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Christopher B Lellis




Location: Houston, Texas
Joined: 01 Dec 2012

Posts: 268

PostPosted: Mon 19 Aug, 2013 12:43 am    Post subject: Militaryheritage.com swords         Reply with quote

I was looking for the pattern 1908 sword and came across this website;
http://www.militaryheritage.com/swords2.htm
But also came across one of my favorite sabers, the 1796 Light Cavalry Sabre.

Assuming the quality is good, those are some very reasonably priced swords. They claim they are hand forged and battle-ready but that is a widely used term. They don't mention if they are peened or have a threaded nut in the hilts.

Has anyone here bought any of these?
I am only interested in buying very well made, reasonably accurate historical recreations, that's why I'm a big fan of Albion. Do these stack up to my standards?


I hope these aren't cold steel swords...
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Mikko Kuusirati




Location: Finland
Joined: 16 Nov 2004
Reading list: 13 books

Posts: 973

PostPosted: Mon 19 Aug, 2013 1:14 am    Post subject:         Reply with quote

AFAIK, Cold Steel and Military Heritage get much of their blades, at least, from the same source, probably Windlass. This is not a bad thing - by all accounts, Windlass produce excellent blades when working to spec (their own products suffer from a lack of historical research, more than anything).
The subtle tongue, the sophist guile, they fail when the broadswords sing;
Rush in and die, dogs -- I was a man before I was a king.
-- R. E. Howard, The Road of Kings
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Christine Munro




Location: Oxford
Joined: 01 Jun 2007

Posts: 39

PostPosted: Mon 19 Aug, 2013 1:20 am    Post subject:         Reply with quote

The Royal Artillery Officer's Sword near the bottom of the page looks very much like something I unwittingly picked up a few years ago. The quality's kind of not bad for a wall-hanger, but I have no idea as to its construction: I certainly wouldn't risk putting it to the test. Not that it'd cut anything anyway, it's very much a blunt-edged piece. I was rather disappointed at the rather muddy quality of the detailing on the blade, but I guess that's part and parcel of the price range. On the other hand, as someone pointed out to me, the scabbard is of not unreasonable quality.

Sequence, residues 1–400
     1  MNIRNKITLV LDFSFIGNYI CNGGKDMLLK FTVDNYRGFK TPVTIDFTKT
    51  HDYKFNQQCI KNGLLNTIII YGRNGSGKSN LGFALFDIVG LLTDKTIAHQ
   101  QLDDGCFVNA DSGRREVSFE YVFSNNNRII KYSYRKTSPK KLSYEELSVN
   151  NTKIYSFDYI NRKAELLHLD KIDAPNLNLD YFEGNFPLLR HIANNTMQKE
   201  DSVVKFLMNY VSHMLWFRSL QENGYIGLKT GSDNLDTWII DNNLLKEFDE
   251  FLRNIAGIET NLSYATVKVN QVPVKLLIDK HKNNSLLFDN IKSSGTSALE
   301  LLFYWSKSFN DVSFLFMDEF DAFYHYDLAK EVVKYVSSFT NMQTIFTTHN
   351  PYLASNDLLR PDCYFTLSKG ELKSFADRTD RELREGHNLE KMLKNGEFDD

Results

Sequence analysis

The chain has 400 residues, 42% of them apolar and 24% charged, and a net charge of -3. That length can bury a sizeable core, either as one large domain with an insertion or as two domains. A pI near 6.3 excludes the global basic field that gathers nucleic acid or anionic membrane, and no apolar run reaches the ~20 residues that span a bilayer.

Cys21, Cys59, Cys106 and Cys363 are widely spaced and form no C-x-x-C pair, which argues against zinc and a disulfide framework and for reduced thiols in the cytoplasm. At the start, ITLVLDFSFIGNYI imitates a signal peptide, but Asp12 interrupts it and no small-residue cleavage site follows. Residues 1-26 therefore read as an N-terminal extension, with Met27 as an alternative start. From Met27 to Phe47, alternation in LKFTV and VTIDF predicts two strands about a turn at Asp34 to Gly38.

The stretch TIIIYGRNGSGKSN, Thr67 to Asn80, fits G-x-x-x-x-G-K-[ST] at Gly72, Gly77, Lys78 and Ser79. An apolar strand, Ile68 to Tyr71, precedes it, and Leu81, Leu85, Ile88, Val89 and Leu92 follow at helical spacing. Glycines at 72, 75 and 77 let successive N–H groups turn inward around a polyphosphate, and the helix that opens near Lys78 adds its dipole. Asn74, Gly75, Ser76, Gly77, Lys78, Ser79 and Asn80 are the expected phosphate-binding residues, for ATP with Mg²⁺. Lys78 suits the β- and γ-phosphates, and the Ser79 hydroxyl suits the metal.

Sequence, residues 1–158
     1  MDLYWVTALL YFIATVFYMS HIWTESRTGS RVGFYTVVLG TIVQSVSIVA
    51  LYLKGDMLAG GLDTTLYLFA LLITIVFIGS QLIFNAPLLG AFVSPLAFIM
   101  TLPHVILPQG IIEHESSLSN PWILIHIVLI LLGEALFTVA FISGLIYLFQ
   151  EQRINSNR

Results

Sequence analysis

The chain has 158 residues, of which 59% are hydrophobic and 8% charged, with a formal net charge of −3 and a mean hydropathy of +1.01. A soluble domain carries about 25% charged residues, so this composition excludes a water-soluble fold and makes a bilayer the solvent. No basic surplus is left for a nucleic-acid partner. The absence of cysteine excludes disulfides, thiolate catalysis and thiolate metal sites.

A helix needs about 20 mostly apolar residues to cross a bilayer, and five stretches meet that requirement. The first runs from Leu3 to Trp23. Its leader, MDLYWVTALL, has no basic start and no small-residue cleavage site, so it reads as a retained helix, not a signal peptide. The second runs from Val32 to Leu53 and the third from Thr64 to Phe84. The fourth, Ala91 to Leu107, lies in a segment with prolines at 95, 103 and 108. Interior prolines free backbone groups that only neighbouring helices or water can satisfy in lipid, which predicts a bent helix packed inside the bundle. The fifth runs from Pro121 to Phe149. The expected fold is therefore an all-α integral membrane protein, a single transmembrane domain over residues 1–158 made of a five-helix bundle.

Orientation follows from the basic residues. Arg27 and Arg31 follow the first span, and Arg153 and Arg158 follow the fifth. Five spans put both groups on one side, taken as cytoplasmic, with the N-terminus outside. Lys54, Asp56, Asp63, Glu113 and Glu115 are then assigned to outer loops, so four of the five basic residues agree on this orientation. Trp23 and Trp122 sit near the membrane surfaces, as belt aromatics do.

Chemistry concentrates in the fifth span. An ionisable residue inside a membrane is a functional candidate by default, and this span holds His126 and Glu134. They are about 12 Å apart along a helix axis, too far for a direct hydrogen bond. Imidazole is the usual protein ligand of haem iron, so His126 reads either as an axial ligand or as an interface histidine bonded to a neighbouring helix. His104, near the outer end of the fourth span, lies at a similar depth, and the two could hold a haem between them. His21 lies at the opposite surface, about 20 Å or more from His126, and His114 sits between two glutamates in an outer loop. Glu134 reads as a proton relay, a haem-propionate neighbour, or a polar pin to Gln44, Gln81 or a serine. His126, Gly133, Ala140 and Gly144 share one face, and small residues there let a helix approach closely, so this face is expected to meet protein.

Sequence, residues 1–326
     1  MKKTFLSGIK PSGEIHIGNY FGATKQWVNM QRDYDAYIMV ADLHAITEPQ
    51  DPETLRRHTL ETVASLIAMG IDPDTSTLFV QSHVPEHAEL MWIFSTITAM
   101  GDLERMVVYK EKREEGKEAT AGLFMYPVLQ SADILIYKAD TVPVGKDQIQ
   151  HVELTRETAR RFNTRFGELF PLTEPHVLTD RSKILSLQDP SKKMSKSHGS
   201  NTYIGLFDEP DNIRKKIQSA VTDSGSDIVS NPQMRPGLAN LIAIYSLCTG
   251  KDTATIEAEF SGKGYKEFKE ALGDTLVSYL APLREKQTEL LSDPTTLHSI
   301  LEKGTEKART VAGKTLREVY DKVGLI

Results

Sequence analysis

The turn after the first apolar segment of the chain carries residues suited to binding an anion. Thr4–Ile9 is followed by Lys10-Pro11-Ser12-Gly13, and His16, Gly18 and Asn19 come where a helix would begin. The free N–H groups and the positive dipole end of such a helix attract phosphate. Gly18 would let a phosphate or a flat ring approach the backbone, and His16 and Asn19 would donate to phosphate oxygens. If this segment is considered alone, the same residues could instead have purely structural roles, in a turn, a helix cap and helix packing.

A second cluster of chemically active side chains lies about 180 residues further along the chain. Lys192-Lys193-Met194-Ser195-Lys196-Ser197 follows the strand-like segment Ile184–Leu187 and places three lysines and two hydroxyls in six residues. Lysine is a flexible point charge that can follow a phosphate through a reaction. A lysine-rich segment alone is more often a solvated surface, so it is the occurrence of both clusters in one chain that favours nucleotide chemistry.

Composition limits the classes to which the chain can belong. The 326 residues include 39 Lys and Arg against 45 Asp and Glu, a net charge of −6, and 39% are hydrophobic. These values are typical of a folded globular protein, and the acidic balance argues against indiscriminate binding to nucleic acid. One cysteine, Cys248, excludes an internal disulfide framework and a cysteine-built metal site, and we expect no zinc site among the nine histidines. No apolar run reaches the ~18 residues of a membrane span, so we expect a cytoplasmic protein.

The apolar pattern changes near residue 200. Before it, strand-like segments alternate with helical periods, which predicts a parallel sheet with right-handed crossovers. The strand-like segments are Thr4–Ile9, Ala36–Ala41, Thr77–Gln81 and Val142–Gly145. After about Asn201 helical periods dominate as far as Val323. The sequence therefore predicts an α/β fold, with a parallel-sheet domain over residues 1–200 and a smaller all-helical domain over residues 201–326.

I tried to track down the origin of the sword in question and as far as I could tell it appeared to be one of the made-in-India replicas, though I can't verify that with any degree of certainty. If it's what I thought it was, the assertion seemed to be that it was one of the better examples of its type.

Sigh, that's not really very conclusive, is it? "It looks like a sword I own whose provenance is uncertain": make of that what you will. Big Grin
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Christopher B Lellis




Location: Houston, Texas
Joined: 01 Dec 2012

Posts: 268

PostPosted: Mon 19 Aug, 2013 2:22 am    Post subject:         Reply with quote

I think it is cold steels sword.

Here is the military heritage photo


Here is a cold steel photo


If you can see a difference you have a better eye than me.
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Gottfried P. Doerler




Location: Tyrol, Austria
Joined: 11 Oct 2009
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Posts: 228

PostPosted: Mon 19 Aug, 2013 3:37 am    Post subject:         Reply with quote

im not totally sure, but imho militaryheritage get their swords from weaponedge
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Ian Hutchison




Location: Louisiana / Nordrhein-Westholland
Joined: 27 Nov 2007

Posts: 486

PostPosted: Mon 19 Aug, 2013 4:40 am    Post subject:         Reply with quote

The same swords are sold under the brand "Universal Swords" on Kult of Athena. From all the stories I've heard, I'd much rather deal with Ryan at KoA than the folks at MH.
'We are told that the pen is mightier than the sword, but I know which of these weapons I would choose.' - Adrian Carton de Wiart
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Charles B McFadden




Location: Houston
Joined: 12 May 2013

Posts: 13

PostPosted: Mon 19 Aug, 2013 6:02 am    Post subject:         Reply with quote

Hey Christopher, I have read from several different comments on other forums that cold steel does a good job on that particular sword the 1796 Light Cavalry Sabre. I'd sight the sources if I could remember where they were, it gets a decent amount of praise.